All cooling is controlled by a Supervisory Control & Data Acquisition (SCADA) system which ensures the optimal combination of cooling is in use at any time.

Creating the Cooling Network

Low Temperature Hot Water (LTHW) is pumped through an 80m long series 1 twin pipe district heating connection into the Cooling Pod from the T1 energy centre where it is utilised by the absorption chiller to produce chilled water.  The chilled water is then pumped through a 680m series 1 pre-insulated network which connects to the buildings being served.  This will eventually expand to 14 areas including Canal Reach and Handyside offices, Gas Holder Triplets residential blocks and the Coal drops.

Whilst the pipework used for district cooling is the same as that used for district heating, the aim is to minimise heat gain, rather than heat loss so it is often unnecessary to use pipework with higher insulation.  This allowed our team to specify series 1 pipework, saving the client the additional capex investment.

The team ensured that the networks did not clash with existing services and needed to employ some innovative techniques to ensure this.  One example of this saw our team create a 38m thrust bore tunnel beneath the foundations of T2 & T3 buildings to avoid the main utilities which feed the T1 energy centre.  Whilst this took significant time and effort, it avoided the possibility of any clashes.

Connecting the Coal Drops

King’s Cross Coal Drops is an exciting part of the development and was created to be a new shopping destination in London.  The yard was originally built in the 1850’s for receiving and sorting coal and as their dependency on coal waned, the yard fell into disuse.  As part of the development, the viaduct arches were transformed into modern shops and eateries.

We provided the heating and cooling infrastructure for 39 units which were built under the viaducts and measure 100,000 sqft in total.  

For the cooling we designed and built customised plate heat exchangers (between 12kW to 100kW) for each of the units.  By building them in our pre-fabrication department we were able to significantly lower the cost, ensure quality and have complete control over the timescale of production and delivery.  Not only is this method of cooling more environmentally friendly than traditional electric powered cooling units, it does not result in excess noise or emit waste heat locally.

Vital Energi also delivered the district heating network to the primary heating skid which serves all units at the Coal Drops.

Evolving the Infrastructure to Ensure Continuous Excellence

Due to the evolving nature of the energy scheme, our designers regularly have to make changes to the existing infrastructure to incorporate new works.  Most recently our engineers have begun installing silencers on the large 10MW boilers.  These sit between the boilers and the flue and are designed to remove low-level noise which could disturb residents.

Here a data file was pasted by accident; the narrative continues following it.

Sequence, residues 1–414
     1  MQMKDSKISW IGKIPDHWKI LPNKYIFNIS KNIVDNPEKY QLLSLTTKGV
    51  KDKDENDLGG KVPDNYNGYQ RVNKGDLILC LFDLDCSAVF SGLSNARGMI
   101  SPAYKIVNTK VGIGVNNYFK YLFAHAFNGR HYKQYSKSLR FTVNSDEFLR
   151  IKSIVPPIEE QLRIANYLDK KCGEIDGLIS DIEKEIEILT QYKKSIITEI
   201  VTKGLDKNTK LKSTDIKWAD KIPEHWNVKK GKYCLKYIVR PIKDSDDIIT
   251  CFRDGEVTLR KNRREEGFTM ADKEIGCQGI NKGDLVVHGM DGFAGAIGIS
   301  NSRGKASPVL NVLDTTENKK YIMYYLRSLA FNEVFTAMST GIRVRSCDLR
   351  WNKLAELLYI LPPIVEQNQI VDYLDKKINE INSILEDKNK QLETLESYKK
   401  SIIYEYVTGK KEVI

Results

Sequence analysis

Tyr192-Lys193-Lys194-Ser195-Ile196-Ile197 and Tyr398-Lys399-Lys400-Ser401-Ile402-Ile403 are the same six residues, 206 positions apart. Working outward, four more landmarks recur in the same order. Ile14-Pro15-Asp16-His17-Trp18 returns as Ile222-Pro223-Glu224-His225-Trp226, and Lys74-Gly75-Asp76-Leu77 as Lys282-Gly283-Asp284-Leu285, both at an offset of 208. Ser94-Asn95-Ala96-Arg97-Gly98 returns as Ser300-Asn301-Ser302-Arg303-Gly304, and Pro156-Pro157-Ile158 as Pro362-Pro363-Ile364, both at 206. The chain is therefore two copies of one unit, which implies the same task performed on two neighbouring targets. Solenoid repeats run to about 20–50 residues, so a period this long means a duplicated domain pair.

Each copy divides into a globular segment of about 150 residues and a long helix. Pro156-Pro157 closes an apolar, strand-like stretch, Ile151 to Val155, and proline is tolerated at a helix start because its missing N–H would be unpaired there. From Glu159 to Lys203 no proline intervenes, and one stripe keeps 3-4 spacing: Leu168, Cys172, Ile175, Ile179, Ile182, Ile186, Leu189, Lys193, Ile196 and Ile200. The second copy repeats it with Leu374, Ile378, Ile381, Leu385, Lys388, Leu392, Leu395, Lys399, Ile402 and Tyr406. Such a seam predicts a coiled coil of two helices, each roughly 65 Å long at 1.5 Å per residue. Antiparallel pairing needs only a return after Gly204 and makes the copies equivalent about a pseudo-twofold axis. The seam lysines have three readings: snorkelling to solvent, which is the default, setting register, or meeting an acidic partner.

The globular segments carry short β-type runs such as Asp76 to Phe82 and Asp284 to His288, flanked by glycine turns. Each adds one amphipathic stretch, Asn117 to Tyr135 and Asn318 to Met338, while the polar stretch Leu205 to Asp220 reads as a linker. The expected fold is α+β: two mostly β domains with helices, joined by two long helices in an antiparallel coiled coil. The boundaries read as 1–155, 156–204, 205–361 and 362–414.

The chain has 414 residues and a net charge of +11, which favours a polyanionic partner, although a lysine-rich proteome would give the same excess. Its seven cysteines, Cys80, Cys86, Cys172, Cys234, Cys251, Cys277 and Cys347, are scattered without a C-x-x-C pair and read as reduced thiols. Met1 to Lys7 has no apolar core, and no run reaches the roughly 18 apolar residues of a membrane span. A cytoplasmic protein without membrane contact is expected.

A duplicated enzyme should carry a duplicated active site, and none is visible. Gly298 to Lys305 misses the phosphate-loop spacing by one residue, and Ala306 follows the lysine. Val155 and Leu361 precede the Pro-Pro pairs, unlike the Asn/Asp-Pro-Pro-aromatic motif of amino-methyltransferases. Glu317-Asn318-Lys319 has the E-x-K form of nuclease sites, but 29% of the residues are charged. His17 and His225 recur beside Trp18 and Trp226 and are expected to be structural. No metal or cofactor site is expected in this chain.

Asset Management Delivering Consistent Performance & Legislative Compliance

We provide asset management services for the district heating and cooling networks, the T1 energy centre, the cooling pod and all associated plant and equipment. 

At King’s Cross we have a team of 3 engineers and one contract manager who provide a dedicated service.  By using this approach of a dedicated team, they have developed an in-depth understanding of all areas of the project.   We have an engineering presence on-site Monday to Friday and an on-call service 24/7, 365 days per year and have agreed response times with the client.

All assets are remotely monitored by our engineers to ensure that potential issues are detected at the earliest opportunity and our team also perform regular inspections and a comprehensive preventative maintenance programme.

Each piece of plant and equipment is logged in our asset management software which includes manufacturer’s specifications and warranties and a planned maintenance and inspection schedule is created.  The software will assess the time required for each task and group jobs together, where practicable, to reduce the amount of engineer visits.  The software also ensures an adequate supply of consumables and replacements are on hand.

Should an issue occur which requires reactive maintenance, we have 24 hour engineer callout cover 365 days per week.  The engineer can assess the issue using our online remote monitoring software and if necessary, attend within an agreed timescale to undertake repair works.

This combination of preventative maintenance, coupled with rapid response reactive maintenance is designed to ensure the minimum of downtime whilst enabling optimum performance.

Another core area of responsibility for us is to ensure legislative compliance for all assets.  This can cover a broad range of areas which we agree with the clients and can cover routine duties such as fire and gas inspections and boiler maintenance through to more specialist areas including Legionella inspections and applications for chemical water discharge licenses.

The Benefits

  • Co2 Saving
  • Financial saving
  • Delayed capital expenditure that also reduces operation and maintenance expenditure
  • Utilising waste heat in summer months further enhancing the energy centres efficiency